Does Everyone Have A Price?

This guy kept banging his glass on the bar, seemingly every thirty seconds, not to get my attention but to make a conversation point. It was for emphasis… a gesticular form of italics… but that didn’t change the annoyance factor so I had to approach this Frenchman doing all the banging.

“Excuse me,” I said, sliding some bev naps under his glass in a minor attempt at humor, “if you have to make a point do it on these.”

“Huh?” he said, not getting the joke.

“Don’t keep banging your glass down on the bar, man! It’s driving me nuts,” I said, but with a smile.

“Oh,” he said, almost blushing, then he laughed along with his date and the two couples with them. “So sorry, really, I do this no more, I promise.” They were all in their mid-twenties and all very nice.

Then one of his friends added wryly, “We are all from just France, you see, but this guy here is from Paris so he has to make noise.” More laughter then at this inside joke.

So I returned to my friend and his girlfriend with whom I’d been chatting before this encounter (let’s call them Jack and Jill), and said, “No harm, no foul. The guy just didn’t realize what he was doing.”

Then Jack said, “But what would you have done if he’d been banging his glass on the bar to get your attention? How would you have handled that?”

His question prompted this story I now share with you…

I had a guy a few years back who was in from out of town, Cincinnati as I recall, and he had with him a group I assumed to be his underlings. I say underlings because he seemed to be holding court to their wide-eyed nodding. So, while this guy was knowingly holding forth on the do’s and don’t’s of how to navigate New York, and rather pompously I might add, I was at the other end making drinks for the tables. When all of a sudden I heard this sound, this ear-splitting, shrill whistle, the kind you do with two fucking fingers in your mouth. The dog whistle! And it came from this idiot in from Cincinnati. Now I’m not what you call a tough guy nor do I relish any confrontation, but this was over the top and demanded some kick-ass. At least verbally.

“Who in the fuck are you whistling at, mister?” I said as I leaned in close. “I’m not a trained dog back here, I’ll get you a fucking drink when I fucking get to it. Got it?”

Well, your man was so taken aback by this, this 5.3 on the Richter, he immediately put his hands up and said, “Hey, man, I’m sorry. I didn’t mean that the way you took it, I just wanted to get your attention, that’s all. I thought you forgot about us. We’re cool now. We’re cool.” But I was still freaking hot when I walked away.

Then a few minutes later, I guess when he finally realized he’d been made to look pretty bad in front of his head nodders, he called me back for what he thought would be his face save. To flex his muscles. “Listen, pal,” he began. “I’m in town all week, I’m staying right across the street, and I’ll be coming into this bar a hell of a lot. You got that? And so let me tell you something, my friend. Don’t you ever, I mean ever try to talk to me like…”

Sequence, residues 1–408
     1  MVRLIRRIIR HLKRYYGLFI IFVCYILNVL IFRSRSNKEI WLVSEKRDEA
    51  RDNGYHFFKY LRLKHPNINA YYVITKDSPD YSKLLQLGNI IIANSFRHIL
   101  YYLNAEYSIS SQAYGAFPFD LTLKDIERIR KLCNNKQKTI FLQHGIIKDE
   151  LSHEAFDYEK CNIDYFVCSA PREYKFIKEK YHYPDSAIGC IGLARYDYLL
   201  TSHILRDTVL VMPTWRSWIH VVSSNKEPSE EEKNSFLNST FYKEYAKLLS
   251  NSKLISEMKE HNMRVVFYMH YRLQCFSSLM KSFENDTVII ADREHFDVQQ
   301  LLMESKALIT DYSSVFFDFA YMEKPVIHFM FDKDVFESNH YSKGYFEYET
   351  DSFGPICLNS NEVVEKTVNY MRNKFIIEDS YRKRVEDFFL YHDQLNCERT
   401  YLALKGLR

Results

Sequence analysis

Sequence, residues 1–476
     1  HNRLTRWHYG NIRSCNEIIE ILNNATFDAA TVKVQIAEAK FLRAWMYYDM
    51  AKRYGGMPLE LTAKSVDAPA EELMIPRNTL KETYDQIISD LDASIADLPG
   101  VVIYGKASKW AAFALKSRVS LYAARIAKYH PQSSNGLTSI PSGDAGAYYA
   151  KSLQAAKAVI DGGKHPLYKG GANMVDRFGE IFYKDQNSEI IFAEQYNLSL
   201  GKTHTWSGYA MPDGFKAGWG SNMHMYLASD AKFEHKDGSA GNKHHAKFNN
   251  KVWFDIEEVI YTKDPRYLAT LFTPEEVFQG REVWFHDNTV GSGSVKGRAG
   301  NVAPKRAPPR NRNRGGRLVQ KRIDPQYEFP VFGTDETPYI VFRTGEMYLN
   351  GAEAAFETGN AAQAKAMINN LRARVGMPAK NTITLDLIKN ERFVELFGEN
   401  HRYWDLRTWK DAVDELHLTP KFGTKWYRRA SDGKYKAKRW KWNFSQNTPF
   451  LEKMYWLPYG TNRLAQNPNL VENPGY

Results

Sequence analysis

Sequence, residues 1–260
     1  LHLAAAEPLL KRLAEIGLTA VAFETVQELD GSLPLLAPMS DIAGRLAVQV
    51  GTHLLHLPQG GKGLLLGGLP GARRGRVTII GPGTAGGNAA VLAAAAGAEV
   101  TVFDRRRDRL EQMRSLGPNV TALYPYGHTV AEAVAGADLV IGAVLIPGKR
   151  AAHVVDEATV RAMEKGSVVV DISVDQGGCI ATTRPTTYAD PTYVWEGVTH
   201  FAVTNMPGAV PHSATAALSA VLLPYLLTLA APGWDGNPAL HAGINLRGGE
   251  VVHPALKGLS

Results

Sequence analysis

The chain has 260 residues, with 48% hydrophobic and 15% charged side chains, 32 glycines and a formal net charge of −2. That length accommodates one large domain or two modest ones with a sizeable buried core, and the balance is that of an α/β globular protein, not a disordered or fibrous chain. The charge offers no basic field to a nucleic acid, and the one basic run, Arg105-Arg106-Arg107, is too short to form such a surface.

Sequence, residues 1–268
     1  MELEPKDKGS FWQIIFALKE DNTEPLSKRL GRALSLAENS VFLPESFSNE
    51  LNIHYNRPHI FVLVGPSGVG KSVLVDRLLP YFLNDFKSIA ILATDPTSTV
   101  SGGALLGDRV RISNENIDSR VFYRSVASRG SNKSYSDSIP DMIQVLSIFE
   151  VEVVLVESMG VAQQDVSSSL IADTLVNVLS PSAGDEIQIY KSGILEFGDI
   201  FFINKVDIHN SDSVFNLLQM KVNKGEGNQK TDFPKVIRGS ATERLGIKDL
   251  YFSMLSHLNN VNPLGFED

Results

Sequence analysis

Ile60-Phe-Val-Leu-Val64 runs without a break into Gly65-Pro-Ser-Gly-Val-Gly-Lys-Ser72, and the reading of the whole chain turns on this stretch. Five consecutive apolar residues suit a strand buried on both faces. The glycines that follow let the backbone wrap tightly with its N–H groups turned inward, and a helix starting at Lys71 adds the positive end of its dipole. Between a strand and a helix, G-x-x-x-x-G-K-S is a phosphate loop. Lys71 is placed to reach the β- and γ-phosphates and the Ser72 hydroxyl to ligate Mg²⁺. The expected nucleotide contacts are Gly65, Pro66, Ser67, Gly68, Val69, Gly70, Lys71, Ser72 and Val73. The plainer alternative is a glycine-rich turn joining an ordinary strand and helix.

“Oh, no, no, no, my friend,” I said, cutting him off with a wave of my hand. “You won’t be coming in all week in fact you’re not here now. You’re going to pay your bill and get the hell out of here.” And with that I slammed his tab down on the bar!

“Good for you,” said Jack and Jill, almost in unison. “What an asshole,” added Jack to button the assessment.

Then Jill said, “Have you ever had the finger snapper to deal with? I have.”

“You?” I said. “How?”

“I used to be a bartender.”

“You’re kidding. You used to be a bartender?” This revelation kind of shocked me because it was hard for me to picture in my mind this gorgeous little model (that’s what she is, a professional model) banging out cocktails and dealing with finger snappers. It somehow didn’t fit. “I never knew you tended bar,” I continued.

“Oh yeah, about ten or eleven years ago.”

“So what happened? Tell me about your dealings with this finger snapper.”

“Well it was my first week at this new job in this real high-end place, so naturally I was trying to do my best. Right? So get this… I’m busy as hell  and this guy keeps snapping his fingers for me to come over. I mean, how rude! But like I said, I was so damn busy even if I wanted to I couldn’t respond. I was that backed up. Then finally, after I got caught up, just to get him to stop I walked on over. ‘What is it, Sir,’ I said, none too warmly. ‘If I give you three hundred dollars,’ he said, ‘would you walk across the street and get me some cigarettes?’ ‘Three hundred dollars? Are you kidding me?’ ‘Nope,’ he said, acting like this big shot. ‘But I can’t leave the bar,’ I said, ‘can’t you see I’m up to my neck in drinks here?’ ‘Then how about I give you four hundred dollars, does that work?’ ‘Sorry, still can’t do it, even for four!’ ‘Five?’ he then said, ‘how about five?’ ‘Sir, please, I’m not trying to negotiate,’ I said, ‘I just cant do it. I can’t leave the bar, like I said, I’m swamped.’ So I walked away. And when I got back over to the waitress station to start making more drinks, one of the girls pulled me aside and said, ‘Don’t you know who that is? That’s Thousand Dollar Jim. Eventually he would’ve given you a thousand dollars. That’s his M.O. with all our new female bartenders. It’s his little game. Go play along and you’ll get a thousand dollars!’ I couldn’t believe it.”

“A thousand smack-a-roonies for a pack of smokes?” I said.

“Yup. A thousand dollars. Pretty incredible, right?”

“Beyond incredible. So what did you do?”

“You know what?” she said. “Damn it I really considered it, I mean who can’t use a thousand bucks if their job is working for tips? But he was so arrogant, so full of himself, and so damn sure I’d play his little game, I…”

“Didn’t do it,” I interrupted.

“It was hard,” said Jill, “but, dammit, no. No, I didn’t!”

“Then good for you as well,” I said, referring to her comment to me over Mr. Cincinnati. “I guess everyone doesn’t have a price.” Then Jack banged his glass on the bar and said, “Could I get a goddam drink when you get a second, please?” We all laughed.

But seriously, dear reader, her story does raise this question I now pose to you. What would you have done in that same situation? Would you have played the game and gone for the thou? In other words, do you have a price? There’s no right or wrong in this, it’s just how you choose to see it or how you’d play it. That’s a hell of a lot of swag to leave on the table!

Ahh, and what about me, I hear you asking, what would your friendly bartender have done with that offer? Well, if it was Thousand Dollar Jane of course who’d made him that tasty offer, she’d not only be holding a pack of smokes mere seconds after reaching that thousand dollar mark, he and Jane would be picking out furniture in the morning.

(Joking, I’m joking, take it easy out there!)

Let me know what you think and I’ll see ya’ next week-end!